"Waiting for Godot" is the most famous play by Samuel Beckett. It has two acts. It was initially written in French but the writer himself translated it to English. The play became popular and it was translated to many foreign languages. The reason for its popularity lies in the fact that the play has no plot but we … [Read more...] about Waiting for Godot
Samuel Beckett was born on April 13, 1906, near Dublin, Ireland, on April 13 into a middle-class home. His mother was a nurse, while his father worked as a quantity surveyor. When he was 14, Beckett was sent to get his education at the same school Oscar Wilde went. He studied French, English and Italian at the Trinity College in Dublin.
Beckett is known for his comment "I had little talent for happiness" which means that he was trapped in some sort of depression even as a young boy. He hated long conversations with people he did not know and often stayed in bed for the entire day. He had an opportunity to be advanced by James Joyce's daughter who he rejected by saying that he did not have classic human feelings. This type of depression can be seen in his work, especially in Waiting for Godot which he wrote when he had to struggle to get through life.
In 1926, he moved to Paris where he met James Joyce who was, then, a respected older writer. He soon became his assistant, which resulted in Beckett writing an essay Dante... Brino. Vico... Joyce in which he defended Joyce's work to the public. One year later, in 1927, Beckett won his first prize for writing the poem "Whoroscope" in which he wrote about Descarte's meditating as well as the transience of life and the subject of time. After that, he completed his study of Proust and left his job at Trinity College as he decided to travel.
He journeyed through Germany, England, Ireland, and France as well as he continued writing his stories and poems. It is likely that he met many people who later can be found in his writing, for example, two tramps Vladimir and Estragon in Waiting for Godot. While he was traveling through Paris, Beckett always made a visit to his friend Joyce.
He decided to permanently move to Paris in 1937 and, after a short period of time, a man who asked for the money stabbed him on the street. His recovery from a perforated lung lasted long but he wanted to know why the man attacked him. He even went to visit him in prison. When he asked him why he stabbed him, the man said: "Je ne sais pas, Monsieur" (I don't know, Mister). The attitude and the sentence can be found in several of Beckett's later writings.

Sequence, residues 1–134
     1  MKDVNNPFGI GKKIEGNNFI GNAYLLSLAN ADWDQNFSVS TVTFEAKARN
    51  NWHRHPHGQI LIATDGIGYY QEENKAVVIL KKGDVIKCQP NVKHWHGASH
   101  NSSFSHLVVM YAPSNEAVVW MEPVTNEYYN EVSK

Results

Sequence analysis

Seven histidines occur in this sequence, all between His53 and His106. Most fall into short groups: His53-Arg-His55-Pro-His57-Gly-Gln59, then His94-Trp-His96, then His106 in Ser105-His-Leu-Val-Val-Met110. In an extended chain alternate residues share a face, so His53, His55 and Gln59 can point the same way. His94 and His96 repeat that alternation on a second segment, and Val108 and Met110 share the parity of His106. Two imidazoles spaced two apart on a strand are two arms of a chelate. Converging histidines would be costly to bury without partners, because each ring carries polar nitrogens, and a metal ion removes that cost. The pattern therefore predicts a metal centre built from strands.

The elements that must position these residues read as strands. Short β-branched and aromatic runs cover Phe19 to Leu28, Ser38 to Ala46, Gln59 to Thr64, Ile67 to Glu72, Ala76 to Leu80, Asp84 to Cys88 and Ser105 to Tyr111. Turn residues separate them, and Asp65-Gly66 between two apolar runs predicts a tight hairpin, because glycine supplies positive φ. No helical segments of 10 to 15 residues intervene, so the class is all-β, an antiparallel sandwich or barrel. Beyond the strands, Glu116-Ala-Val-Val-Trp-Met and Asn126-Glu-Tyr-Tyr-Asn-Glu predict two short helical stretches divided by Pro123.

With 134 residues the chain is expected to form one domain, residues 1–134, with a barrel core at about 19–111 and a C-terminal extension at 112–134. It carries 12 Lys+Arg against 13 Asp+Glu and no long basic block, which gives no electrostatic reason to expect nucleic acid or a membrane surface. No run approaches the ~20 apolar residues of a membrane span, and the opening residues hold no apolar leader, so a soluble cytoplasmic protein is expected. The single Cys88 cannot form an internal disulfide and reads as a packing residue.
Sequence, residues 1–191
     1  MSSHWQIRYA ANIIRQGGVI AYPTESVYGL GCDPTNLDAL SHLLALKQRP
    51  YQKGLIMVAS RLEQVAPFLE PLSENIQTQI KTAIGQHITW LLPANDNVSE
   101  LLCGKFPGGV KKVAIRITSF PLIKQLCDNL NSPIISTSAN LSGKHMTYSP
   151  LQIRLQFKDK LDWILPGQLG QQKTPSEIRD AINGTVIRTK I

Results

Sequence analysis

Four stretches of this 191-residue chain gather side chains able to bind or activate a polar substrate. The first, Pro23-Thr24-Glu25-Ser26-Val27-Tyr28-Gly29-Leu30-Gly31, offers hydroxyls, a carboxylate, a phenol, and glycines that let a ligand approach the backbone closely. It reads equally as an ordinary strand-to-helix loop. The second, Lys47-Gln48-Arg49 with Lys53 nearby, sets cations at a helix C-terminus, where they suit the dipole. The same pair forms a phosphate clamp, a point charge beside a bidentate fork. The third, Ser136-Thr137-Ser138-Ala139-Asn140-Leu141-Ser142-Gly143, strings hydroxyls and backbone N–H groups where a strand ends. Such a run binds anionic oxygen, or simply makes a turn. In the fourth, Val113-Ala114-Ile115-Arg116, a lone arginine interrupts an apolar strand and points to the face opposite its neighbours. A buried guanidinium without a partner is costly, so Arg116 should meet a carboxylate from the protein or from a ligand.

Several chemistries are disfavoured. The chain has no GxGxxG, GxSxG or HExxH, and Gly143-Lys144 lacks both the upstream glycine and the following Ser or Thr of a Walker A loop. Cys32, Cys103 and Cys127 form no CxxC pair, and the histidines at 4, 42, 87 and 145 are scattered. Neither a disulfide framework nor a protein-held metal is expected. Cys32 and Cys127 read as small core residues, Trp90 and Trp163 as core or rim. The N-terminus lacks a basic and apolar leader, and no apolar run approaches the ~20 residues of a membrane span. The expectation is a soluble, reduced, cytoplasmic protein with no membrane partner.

During World War II, he joined a resistance movement in Paris and remained there until 1942 when several members of the group were arrested. Until then, he was forced to run away with his wife to the zone that wasn't occupied. In 1945, when Paris was liberated from the Germans, Beckett and his wife returned. From that time, he made a rising career as one of the most popular writers by publishing a book of criticism, two books of short stories, novels: Mercier et Camier, The Unnamable, Malone Dies, Endgame, Eleutheria and his most popular work Waiting for Godot. There were some disputes about the genre for his novels (Molloy, Murphy, Watt…) - whether they belong to modern, modernist or postmodernist novels, but his plays, immediately after their publication and presentation, were seen as the culmination of a new direction - antitheatre.
His first play was surely Eleutheria which showed a young man's effort to escape social obligations and cut himself loose from his annoying family. Eleutheria was often compared to his own search for freedom.
On January 5, 1953, he experienced great success when his work Waiting for Godot first premiered at the Theatre de Babylone. Although many critics wrote about the play as the "weird little play where nothing happens", Waiting for Godot became successful. Over a couple of years, it ran for 400 performances at the mentioned theatre and was praised by world-renowned critics and writers. He warned us of some typical feelings and problems of our time - "waiting for Godot" has become a saying that stands for a hopeless and senseless expectation of someone or something that might save/help us, even when we don't believe it will happen.
The novel also saw an interesting production in 1957 by Actor Workshop who performed the play at the San Quentin penitentiary. 1400 convicts immediately identified with Estragon and Vladimir's pain of waiting for their life to end and the daily struggle for their existence. Endgame, his second masterpiece, was premiered at the Royal Court Theatre in London on April 3, 1957.
All of his major works were mostly written in French as he was in the belief that he should use is more wisely and forced him to be more disciplined in writing. However, he translated Waiting for Godot in English by himself.
Beckett was one of the first absurdist playwriters who won international fame. His works have been translated into more than 20 languages. He also received the Nobel Prize in Literature in 1969 and continued to write until his death.
Samuel Beckett died on December 22, 1989 in Paris, and toward the end, he said that each word he wrote during his life seemed as "an unnecessary stain of nothingness and silence".